Nebraska’s Water Supply.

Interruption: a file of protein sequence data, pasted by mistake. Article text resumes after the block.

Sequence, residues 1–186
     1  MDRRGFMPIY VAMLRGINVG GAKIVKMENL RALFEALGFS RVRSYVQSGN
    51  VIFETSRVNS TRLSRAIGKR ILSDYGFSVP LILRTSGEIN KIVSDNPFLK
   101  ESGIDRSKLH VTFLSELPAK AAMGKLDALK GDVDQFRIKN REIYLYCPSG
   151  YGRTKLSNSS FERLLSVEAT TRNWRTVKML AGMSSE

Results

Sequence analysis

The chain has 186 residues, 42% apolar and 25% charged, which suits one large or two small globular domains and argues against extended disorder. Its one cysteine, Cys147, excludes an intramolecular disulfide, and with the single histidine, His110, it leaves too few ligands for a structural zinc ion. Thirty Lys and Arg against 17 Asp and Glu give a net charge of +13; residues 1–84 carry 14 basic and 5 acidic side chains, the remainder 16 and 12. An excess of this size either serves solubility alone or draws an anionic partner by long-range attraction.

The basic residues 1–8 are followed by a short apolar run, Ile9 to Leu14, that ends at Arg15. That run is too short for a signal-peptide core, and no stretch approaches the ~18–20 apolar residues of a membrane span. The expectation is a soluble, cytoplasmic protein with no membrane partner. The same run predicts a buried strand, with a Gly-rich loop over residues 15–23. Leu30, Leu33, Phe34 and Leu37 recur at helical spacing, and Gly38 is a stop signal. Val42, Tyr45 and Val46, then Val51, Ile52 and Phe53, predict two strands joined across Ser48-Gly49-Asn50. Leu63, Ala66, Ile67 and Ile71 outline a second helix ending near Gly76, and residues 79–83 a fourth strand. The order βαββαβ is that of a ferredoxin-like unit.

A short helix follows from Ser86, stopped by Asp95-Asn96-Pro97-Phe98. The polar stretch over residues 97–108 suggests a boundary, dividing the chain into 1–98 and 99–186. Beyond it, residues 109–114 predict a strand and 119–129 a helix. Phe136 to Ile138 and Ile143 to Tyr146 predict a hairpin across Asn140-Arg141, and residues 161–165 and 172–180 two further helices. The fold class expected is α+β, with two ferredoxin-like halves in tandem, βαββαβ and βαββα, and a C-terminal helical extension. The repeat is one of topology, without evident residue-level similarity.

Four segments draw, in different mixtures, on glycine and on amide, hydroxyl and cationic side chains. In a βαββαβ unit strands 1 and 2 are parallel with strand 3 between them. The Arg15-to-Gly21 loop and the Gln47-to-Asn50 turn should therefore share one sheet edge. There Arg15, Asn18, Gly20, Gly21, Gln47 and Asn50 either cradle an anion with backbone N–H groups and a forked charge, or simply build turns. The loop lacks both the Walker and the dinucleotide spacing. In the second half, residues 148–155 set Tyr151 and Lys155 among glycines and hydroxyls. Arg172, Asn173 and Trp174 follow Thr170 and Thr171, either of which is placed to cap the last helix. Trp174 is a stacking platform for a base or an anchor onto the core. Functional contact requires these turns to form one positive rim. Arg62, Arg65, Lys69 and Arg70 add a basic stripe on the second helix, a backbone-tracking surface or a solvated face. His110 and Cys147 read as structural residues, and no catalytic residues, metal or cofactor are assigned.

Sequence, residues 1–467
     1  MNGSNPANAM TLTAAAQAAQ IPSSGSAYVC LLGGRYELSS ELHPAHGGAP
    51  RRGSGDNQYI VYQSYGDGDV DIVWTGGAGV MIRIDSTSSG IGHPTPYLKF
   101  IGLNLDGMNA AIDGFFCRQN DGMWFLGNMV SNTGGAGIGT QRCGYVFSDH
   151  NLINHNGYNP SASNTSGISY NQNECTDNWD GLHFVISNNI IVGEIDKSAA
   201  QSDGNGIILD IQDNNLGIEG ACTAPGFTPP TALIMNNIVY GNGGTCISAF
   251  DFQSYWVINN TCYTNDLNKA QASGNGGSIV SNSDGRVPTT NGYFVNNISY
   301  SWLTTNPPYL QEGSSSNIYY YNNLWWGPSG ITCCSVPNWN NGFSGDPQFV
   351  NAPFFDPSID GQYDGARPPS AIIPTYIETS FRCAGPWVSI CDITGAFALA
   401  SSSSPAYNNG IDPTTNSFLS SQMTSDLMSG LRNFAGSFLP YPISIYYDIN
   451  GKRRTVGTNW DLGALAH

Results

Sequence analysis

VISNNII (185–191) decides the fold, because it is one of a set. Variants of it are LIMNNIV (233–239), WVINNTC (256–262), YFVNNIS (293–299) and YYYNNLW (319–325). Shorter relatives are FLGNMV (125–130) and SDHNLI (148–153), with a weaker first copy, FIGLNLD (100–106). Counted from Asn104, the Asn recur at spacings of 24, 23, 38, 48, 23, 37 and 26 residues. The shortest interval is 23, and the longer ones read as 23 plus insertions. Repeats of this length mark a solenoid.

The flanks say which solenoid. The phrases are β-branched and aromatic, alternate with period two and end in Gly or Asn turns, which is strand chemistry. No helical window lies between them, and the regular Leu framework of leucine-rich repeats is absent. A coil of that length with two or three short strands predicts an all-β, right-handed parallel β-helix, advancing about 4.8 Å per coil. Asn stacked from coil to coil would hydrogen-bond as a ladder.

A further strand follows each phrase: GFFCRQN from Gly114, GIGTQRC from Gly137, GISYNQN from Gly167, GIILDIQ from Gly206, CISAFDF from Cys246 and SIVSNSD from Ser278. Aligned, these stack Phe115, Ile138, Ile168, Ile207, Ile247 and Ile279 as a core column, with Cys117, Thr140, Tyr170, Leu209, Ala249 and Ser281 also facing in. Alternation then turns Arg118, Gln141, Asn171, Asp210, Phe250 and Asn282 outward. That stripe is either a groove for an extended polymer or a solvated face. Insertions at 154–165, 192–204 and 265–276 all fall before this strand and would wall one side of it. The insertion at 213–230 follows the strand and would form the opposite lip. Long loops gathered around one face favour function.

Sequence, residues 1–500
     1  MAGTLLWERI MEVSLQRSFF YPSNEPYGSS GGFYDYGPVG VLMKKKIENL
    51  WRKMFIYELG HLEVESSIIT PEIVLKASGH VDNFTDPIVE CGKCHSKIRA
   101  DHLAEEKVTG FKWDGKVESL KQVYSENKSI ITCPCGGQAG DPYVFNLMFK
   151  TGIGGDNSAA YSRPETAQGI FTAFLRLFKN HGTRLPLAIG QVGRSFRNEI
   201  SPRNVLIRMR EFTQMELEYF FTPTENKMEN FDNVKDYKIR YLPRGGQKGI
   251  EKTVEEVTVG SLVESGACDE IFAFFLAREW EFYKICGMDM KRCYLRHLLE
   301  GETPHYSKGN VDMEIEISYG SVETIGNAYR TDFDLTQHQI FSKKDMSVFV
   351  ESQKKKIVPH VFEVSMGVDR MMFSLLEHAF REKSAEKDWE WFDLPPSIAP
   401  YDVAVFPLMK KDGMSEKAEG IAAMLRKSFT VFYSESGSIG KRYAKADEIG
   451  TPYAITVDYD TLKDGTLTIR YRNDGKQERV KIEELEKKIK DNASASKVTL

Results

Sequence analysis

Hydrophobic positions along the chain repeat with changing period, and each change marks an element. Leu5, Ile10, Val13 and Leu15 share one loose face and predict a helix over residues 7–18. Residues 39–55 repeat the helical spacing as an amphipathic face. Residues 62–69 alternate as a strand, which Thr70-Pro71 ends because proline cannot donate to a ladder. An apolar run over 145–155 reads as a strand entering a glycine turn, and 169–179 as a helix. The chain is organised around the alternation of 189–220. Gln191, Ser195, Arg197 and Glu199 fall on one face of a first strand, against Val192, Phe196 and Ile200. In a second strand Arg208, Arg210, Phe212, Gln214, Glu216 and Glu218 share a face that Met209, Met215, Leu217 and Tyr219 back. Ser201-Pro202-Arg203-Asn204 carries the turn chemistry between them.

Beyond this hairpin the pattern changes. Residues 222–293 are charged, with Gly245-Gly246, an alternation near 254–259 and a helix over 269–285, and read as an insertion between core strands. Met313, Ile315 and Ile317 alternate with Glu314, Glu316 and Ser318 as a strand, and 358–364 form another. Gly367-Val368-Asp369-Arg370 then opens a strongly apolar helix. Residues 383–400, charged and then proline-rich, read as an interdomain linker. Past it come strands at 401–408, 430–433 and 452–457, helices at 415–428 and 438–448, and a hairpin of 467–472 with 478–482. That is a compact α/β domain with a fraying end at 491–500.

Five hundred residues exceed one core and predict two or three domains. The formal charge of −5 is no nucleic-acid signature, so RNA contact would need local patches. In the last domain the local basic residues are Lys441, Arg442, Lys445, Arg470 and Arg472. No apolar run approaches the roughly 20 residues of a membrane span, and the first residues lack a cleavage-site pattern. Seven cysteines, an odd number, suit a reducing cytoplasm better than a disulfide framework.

HE great water shed of Nebraska, sloping from west to east, has been compared to a veritable roof, its geological strata rising course on course as you climb from the eave trough, the Missouri river, to the ridgepole at the western border. This comparison, so far as geological strata is concerned, is a true one, but a comparison of surface altitudes will show’ that there is a ridgepole extendtending east and west, with decided sloping roofs to both the north and south as well as to the east. Along this second ridgepole, flowing across the entire state, is the Platte river, a very important factor in the water supply of Nebraska, being higher than the country either north or south of it. Across section running through Sterling, Col., Sidney, a point on the North Platte river, Alliance and Chadron, Neb., five places on a direct line north and south, shows Sterling on the South Platte river, altitude 3,795 feet, Sidney, on the Union Pacific railroad, 4,090 feet. Point on the North Platte altitude (estimated by multiplying distance from North Platte, Neb., by 10¾ feet per mile), 4,246 feet, Alliance 3.968 feet and Chadron 3,360 feet. Thus it will be seen that the North Platte is 451 feet higher than Sterling on the south and 886 higher than Chadron on the north, Chadron being north of the headwaters of the Niobrara river. A cross section on the longitude of North Platte running through McCook, on the Republican river, on the south, and Valentine on the Niobrara river, on the north, shows McCook and the valley of the Republican to be 290 feet below the Platte and Valentine 217 feet below the Platte. About thirty miles north of North Platte are the headwaters of the South I.oup river, which flow’s almost due east and at this point is more than 100 feet below the valley of the Platte, and is below the entire extent of its course to a junction with the I.oup.